Hyponatremia Workup

Updated: Aug 18, 2022
  • Author: Seyed Mehrdad Hamrahian, MD; Chief Editor: Vecihi Batuman, MD, FASN  more...
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Laboratory Studies

There are three essential laboratory tests in the evaluation of patients with hyponatremia that, together with the history and the physical examination, help to establish the primary underlying etiologic mechanism. In general, the etiology of the hyponatremia directs its management. [43, 44]

These tests are as follows

  • Serum osmolality
  • Urine osmolality
  • Urinary sodium concentration

Serum osmolality readily differentiates between true hyponatremia and pseudo-hyponatremia secondary to hyperlipidemia, hyperproteinemia, or hypertonic hyponatremia. Sources of hypertonic hyponatremia include elevations of the following: Glucose, Mannitol, Glycine (after urologic or gynecologic procedures) [45] , Sucrose, Maltose (contained in IgG formulations)

Urine osmolality helps to differentiate between conditions associated with impaired free water excretion and primary polydipsia (or malnutrition), in which water excretion should be normal (provided intact kidney function). With primary polydipsia, as with malnutrition (severe decreased solute intake) and a reset osmostat, the urine osmolality is maximally dilute, generally less than 100 mOsm/kg. A urine osmolality greater than 100 mOsm/kg indicates impaired ability of the kidneys to dilute the urine. This usually is secondary to elevated vasopressin (antidiuretic hormone; ADH) levels, which can be physiologic or non-physiologic.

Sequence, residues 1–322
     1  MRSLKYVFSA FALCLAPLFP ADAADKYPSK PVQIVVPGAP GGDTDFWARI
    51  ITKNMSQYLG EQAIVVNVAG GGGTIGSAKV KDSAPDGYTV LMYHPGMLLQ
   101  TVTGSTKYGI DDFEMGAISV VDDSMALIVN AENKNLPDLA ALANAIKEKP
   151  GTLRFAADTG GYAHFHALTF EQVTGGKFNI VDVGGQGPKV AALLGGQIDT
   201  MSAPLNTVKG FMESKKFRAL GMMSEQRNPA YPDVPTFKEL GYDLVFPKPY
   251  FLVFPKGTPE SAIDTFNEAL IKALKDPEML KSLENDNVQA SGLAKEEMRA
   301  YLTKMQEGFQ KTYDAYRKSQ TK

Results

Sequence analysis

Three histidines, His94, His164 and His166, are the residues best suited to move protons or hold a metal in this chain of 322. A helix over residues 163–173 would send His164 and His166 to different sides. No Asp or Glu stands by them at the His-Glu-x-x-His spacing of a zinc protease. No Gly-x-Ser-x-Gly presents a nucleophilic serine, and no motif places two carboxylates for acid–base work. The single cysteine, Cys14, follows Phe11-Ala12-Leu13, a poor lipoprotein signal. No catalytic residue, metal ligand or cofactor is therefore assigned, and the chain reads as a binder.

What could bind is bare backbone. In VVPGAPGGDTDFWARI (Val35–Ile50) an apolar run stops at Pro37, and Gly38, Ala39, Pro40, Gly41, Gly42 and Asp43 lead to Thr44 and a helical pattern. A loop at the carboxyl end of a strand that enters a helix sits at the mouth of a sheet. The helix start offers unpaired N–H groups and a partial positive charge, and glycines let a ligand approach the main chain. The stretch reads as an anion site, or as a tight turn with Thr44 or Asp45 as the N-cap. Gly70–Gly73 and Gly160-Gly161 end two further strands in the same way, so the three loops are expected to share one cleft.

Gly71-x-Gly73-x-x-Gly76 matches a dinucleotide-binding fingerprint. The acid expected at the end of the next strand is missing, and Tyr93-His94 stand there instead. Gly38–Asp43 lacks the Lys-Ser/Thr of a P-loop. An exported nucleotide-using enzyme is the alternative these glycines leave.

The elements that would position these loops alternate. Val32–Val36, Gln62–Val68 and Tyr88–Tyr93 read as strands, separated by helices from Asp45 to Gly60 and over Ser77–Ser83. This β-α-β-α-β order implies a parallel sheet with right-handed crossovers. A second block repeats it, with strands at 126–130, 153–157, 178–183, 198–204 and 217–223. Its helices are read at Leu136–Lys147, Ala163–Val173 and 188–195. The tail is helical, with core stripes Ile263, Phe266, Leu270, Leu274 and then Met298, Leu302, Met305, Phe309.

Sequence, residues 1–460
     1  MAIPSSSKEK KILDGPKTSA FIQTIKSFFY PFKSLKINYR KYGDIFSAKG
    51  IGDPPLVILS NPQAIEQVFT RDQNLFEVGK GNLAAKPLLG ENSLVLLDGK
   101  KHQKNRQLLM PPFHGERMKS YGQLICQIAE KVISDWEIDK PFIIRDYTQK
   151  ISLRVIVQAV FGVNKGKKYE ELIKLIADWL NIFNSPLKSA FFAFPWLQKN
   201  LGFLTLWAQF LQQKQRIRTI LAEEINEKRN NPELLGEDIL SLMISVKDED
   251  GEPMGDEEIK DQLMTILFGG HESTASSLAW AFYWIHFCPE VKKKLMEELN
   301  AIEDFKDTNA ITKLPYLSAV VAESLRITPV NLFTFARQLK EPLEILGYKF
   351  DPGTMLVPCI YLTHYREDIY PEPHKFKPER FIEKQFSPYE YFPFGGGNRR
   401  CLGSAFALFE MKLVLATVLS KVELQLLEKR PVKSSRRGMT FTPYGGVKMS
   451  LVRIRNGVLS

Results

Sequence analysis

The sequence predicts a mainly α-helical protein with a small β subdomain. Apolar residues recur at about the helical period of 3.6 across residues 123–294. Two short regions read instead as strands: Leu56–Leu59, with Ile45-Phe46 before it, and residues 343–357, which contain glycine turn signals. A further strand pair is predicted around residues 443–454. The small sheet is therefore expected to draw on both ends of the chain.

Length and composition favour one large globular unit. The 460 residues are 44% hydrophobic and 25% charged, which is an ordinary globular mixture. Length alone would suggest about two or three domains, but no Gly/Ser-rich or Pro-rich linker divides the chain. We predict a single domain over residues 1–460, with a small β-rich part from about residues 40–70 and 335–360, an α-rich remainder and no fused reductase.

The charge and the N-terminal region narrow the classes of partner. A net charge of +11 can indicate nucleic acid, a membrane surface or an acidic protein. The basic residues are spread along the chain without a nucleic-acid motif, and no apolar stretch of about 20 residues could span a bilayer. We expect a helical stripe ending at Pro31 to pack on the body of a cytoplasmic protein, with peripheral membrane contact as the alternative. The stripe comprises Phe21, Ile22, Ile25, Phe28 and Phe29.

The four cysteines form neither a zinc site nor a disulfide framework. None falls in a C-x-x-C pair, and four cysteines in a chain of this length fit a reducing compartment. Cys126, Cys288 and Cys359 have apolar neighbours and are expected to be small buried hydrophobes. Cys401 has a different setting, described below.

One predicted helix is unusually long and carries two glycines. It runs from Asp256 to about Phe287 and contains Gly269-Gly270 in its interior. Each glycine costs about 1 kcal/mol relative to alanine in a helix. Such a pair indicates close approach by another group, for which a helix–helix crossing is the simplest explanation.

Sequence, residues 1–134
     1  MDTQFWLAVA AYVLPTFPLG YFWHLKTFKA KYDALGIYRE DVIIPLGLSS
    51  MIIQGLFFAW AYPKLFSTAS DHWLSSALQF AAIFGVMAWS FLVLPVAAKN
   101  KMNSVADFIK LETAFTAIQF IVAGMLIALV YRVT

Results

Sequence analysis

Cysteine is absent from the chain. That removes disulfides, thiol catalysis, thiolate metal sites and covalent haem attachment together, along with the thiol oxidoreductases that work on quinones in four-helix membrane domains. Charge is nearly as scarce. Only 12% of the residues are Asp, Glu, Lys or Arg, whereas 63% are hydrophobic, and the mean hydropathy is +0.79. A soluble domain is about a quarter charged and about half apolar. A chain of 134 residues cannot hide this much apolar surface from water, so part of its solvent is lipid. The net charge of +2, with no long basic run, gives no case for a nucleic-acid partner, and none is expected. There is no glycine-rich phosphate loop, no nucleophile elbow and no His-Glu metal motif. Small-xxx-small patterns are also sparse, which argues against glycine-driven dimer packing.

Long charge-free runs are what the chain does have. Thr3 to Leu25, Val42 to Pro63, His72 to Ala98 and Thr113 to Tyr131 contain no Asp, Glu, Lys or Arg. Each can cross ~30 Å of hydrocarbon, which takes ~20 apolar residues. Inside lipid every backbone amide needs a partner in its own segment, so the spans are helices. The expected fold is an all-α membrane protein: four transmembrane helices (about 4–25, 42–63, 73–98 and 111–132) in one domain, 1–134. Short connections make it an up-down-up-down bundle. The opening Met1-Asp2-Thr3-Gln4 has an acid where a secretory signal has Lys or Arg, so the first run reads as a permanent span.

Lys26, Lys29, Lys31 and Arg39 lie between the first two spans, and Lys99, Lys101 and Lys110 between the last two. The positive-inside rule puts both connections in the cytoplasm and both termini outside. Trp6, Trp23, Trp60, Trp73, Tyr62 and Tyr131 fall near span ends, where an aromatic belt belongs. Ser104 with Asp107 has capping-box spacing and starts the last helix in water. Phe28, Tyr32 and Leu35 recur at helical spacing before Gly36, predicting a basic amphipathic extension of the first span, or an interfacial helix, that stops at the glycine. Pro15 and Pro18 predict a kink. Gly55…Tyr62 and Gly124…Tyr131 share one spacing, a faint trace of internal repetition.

Urinary sodium concentration helps to differentiate between hyponatremia secondary to hypovolemia and the SIADH. With SIADH (and salt-wasting syndrome), the urine sodium is greater than 20-40 mEq/L. With hypovolemia, the urine sodium typically measures less than 20 mEq/L. However, if sodium intake in a patient with SIADH (or salt-wasting) happens to be low, then urine sodium may be low as well.

Ancillary tests

Serum uric acid levels can be important supportive information (they are typically reduced in SIADH and in salt wasting). After correction of hyponatremia, the hypouricemia corrects in SIADH but remains with a salt-wasting process.

Thyroid-stimulating hormone (TSH) and serum cortisol levels should be measured if hypothyroidism or hypoadrenalism is suspected.

Serum albumin, triglycerides, and serum protein electrophoresis are indicated for patients with iso-osmolar hyponatremia.


Imaging Studies

Head computed tomography (CT) scanning and chest radiography can be used to assess for an underlying etiology in select patients with suspected SIADH or cerebral salt wasting.

A diffusion weighted magnetic resonance imaging (MRI) can help evaluate patients suspected of ODS but, if MRI is unavailable, CT of the brain can be done.